One of the other documents mynewsgh.com obtained is a letter sent to Austin notifying him of his failure to meet the agreed terms of the contract. The Ghanaian company expected their money back on the same day they signed the contract with Austin. The funds expected should have been 75 BTC going for a strike price of $11,000.

In the letter, the company gave Austin 48 hours to pay them their money – failure to which they were going to take legal action.

Is the Scammer an Imposter?

According to the documents shared on Ghana Web, the bitcoin scammer’s date of birth and height is similar to the former NBA player, Isaac Edward “Ike” Austin as indicated on Wikipedia. So, could this be a case of a retired basketball player turning into a scammer or is someone impersonating him? The answer to this question is unclear.

This LinkedIn profile of an Isaac Austin, who has been the Finance Director and Trustee of Tudor Trust and Finance Society LLC since June 2012, does not seem authentic. Although this profile has some similarities to the former NBA player’s personal information as written on Wikipedia, the years he attended Arizona State do not coincide.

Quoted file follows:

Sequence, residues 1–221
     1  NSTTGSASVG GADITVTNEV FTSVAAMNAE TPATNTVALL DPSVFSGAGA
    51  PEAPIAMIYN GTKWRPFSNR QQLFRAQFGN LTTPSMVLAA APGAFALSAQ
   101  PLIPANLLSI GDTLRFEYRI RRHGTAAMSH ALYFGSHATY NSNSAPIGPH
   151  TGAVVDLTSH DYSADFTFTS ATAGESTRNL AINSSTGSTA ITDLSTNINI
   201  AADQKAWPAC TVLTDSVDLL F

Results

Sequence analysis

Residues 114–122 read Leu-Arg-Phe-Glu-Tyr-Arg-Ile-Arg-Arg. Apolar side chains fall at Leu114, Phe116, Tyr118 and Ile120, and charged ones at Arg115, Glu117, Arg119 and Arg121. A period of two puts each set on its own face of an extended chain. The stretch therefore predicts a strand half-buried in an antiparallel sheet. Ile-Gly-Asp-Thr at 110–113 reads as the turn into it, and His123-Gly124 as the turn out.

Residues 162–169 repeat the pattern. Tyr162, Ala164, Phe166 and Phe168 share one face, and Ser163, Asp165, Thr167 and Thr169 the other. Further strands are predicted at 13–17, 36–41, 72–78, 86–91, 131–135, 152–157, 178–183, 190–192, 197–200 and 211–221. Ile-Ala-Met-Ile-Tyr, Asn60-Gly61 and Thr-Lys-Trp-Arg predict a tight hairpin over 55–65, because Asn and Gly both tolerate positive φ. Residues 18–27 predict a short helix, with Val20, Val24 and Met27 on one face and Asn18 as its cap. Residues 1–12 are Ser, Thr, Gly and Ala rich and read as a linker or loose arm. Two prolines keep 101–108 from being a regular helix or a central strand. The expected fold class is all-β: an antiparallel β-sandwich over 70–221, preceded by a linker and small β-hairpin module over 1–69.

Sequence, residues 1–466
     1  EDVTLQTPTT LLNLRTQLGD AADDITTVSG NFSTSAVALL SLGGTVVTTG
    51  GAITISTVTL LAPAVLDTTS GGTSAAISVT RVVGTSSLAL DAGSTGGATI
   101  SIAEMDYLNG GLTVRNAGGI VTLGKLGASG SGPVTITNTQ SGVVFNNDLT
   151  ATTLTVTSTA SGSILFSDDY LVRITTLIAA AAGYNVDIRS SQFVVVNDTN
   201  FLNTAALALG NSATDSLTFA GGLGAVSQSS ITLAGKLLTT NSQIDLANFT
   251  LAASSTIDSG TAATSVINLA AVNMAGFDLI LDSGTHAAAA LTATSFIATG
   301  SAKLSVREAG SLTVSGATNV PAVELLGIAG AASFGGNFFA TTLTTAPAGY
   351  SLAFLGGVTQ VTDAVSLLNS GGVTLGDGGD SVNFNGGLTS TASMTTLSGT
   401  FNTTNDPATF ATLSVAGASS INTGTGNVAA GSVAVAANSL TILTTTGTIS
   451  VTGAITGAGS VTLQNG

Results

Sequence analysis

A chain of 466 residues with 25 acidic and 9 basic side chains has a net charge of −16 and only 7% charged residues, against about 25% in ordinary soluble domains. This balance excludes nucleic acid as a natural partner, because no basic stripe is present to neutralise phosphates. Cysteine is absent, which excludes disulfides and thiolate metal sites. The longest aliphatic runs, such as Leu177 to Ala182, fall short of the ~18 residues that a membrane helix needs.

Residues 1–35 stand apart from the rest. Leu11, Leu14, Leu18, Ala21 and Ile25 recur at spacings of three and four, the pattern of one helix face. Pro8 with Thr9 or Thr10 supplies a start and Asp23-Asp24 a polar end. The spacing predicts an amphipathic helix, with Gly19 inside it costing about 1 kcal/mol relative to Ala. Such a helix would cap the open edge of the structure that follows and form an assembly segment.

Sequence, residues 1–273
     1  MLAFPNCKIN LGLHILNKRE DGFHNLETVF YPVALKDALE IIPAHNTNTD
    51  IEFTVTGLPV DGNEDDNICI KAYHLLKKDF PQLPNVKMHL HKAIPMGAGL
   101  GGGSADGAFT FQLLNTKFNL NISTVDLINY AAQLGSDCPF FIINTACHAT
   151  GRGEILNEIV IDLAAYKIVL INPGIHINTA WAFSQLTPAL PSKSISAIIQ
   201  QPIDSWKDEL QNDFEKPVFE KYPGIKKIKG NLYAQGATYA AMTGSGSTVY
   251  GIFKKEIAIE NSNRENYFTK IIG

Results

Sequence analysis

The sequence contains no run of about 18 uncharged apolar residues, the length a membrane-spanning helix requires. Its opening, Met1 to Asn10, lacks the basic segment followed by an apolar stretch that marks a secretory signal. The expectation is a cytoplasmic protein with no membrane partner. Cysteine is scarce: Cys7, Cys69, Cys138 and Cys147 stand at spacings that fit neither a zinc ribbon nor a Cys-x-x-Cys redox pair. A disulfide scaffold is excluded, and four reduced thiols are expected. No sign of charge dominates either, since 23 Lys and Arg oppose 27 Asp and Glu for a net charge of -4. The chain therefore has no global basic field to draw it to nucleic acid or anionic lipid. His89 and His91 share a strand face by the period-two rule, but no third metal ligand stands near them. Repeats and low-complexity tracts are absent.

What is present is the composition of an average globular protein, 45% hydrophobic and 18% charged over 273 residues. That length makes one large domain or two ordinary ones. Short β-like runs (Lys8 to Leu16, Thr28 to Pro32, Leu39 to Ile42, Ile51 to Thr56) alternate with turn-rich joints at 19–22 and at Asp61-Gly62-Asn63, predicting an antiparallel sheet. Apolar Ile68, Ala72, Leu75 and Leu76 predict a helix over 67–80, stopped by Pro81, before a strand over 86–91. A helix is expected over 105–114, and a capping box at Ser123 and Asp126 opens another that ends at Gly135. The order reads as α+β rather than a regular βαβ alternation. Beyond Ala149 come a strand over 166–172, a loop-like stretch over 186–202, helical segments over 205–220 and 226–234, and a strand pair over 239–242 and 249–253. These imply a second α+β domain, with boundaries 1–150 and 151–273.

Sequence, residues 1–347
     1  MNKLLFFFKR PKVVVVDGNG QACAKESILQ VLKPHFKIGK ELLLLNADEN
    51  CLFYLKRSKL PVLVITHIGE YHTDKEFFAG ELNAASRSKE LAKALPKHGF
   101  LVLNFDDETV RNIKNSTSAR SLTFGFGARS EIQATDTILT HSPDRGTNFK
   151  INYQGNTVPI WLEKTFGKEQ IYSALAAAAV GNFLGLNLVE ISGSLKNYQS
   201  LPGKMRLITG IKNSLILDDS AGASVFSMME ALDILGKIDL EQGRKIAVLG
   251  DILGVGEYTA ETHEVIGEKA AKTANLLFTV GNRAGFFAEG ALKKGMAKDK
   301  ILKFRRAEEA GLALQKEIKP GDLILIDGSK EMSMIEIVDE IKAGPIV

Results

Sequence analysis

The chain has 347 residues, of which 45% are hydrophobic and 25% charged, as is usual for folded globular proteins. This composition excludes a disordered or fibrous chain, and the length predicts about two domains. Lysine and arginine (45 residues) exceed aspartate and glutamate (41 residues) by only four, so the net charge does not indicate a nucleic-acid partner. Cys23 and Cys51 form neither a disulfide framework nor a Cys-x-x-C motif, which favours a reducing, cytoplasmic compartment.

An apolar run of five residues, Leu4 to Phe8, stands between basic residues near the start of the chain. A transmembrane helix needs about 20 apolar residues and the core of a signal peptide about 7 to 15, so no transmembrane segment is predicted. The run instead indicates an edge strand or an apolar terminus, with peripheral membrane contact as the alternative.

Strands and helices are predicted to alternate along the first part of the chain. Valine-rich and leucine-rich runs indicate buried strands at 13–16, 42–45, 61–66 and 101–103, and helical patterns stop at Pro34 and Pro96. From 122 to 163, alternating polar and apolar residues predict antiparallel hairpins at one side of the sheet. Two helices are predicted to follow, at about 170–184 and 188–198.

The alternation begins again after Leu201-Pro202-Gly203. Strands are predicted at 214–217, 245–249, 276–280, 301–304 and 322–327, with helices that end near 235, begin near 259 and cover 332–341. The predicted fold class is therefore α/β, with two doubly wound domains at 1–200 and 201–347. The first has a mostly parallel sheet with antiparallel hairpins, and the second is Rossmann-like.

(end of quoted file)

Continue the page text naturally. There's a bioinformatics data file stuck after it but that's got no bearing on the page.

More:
Furthermore, the profile on LinkedIn says Isaac Austin took a Bachelor’s Degree in Liberal Arts and Sciences for one year which is not the usual study period for a degree course. There is also no mention of the former NBA player being a trustee of IEA and Tudor Trust.

The upturn of the crypto market experienced in mid-2019 appears to have spurred scammers into action. This scam comes after another bitcoin investment deal in Nairobi went wrong between December 2018 and May 2019.

That said, these scam stories are a lesson to potential bitcoin investors that they are better off managing their own investments as opposed to handing funds to someone to manage them. If the Ghanaian company had carried out thorough research, perhaps they would have noticed the obvious red flags.

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The Golix Controversy: Has the African Exchange “Exit Scammed” Users And Investors?

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Golix exit scam